In certain situations, such as when starting a large project or making a major purchase, people and organizations want a guarantee that the service or product provided will be as promised. Surety bonds are used to provide assurance with extra big purchases.
Surety bonds are normally sold by insurance companies, but they’re more akin to lines of credit than traditional insurance policies.
Rather than providing a financial safeguard against catastrophes for a policy-holding business, surety bonds offer protection for the customers or organizations that a business has obligations to. Should a business fail to meet its minimum obligations, its surety bond will provide financial compensation to the injured party. This is the only purpose a surety bond’s line of credit can be used for.
While warranties may provide sufficient assurance for smaller purchases, surety bonds are used when extra assurance — or surety — is needed.
Warranties are frequently backed by the business that’s providing a service or product, which limits how useful they are. If a business isn’t able to honor warranty claims, whether for financial or other reasons, the warranty is effectively useless. This is especially problematic with large financial transactions, because a business could go bankrupt shortly after a transaction is made — and its warranty wouldn’t be honored by any company.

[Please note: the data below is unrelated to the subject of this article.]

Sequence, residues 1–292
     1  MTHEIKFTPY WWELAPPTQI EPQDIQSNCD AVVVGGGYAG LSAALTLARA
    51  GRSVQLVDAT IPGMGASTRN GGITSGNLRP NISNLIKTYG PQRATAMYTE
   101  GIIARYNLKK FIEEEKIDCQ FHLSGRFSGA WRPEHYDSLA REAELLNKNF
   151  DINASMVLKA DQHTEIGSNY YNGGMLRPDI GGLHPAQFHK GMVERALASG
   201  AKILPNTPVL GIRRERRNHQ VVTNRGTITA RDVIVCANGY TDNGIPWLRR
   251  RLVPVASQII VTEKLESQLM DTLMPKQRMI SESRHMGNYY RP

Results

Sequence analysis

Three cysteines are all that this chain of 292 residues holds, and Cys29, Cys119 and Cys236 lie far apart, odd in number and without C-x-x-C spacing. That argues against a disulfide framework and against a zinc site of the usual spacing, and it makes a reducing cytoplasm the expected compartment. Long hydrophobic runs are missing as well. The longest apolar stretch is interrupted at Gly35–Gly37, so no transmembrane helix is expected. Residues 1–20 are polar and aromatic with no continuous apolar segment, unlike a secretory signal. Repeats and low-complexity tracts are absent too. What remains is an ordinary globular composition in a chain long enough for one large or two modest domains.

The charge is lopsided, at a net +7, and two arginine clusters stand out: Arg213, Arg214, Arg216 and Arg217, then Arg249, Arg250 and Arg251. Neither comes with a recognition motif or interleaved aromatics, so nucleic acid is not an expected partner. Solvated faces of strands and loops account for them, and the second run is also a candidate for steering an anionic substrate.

Surety bonds, in contrast, are backed by third-party insurance companies. Because of this, they’re much more trustworthy. Not only are they guaranteed by a third-party company, but insurers are both highly regulated and regularly rated according to their financial soundness. Insurance companies are less likely to go bankrupt than other businesses, so their guarantees are more trustworthy.
Therefore, insurers’ surety bonds are used for large projects are contracted and major purchases are made. They’re also used when a business could have a large financial obligation to another party, such as a tax obligation to the government. In these situations, a surety bond ensures that a business meets its financial obligation even though the obligation isn’t to a direct customer or client.
Some examples of businesses that may need different types of surety bonds include:
Some of these businesses may be required by state law to have a surety bond in place. Others might not be legally required to have a bond, but they might have a hard time finding work or selling products if they don’t have a bond.
Although the lines of credit provided by surety bonds go to the affected customer, client or other organization that’s owed financial compensation, they don’t just benefit this customer, client or organization. They also benefit the businesses that purchase these bonds — even though the purchasing businesses don’t receive compensation from the bonds.
By having a surety bond, a business can reduce the financial assets it needs to keep available in case there’s a problem with a project or product. Rather than having a stockpile of cash “just in case,” a business can use the bond as a just-in-case fund and devote its financial resources to actions that help the business grow.
In short, surety bonds are:
For help finding a surety bond that meets your business’ needs, contact us at Zuma Insurance.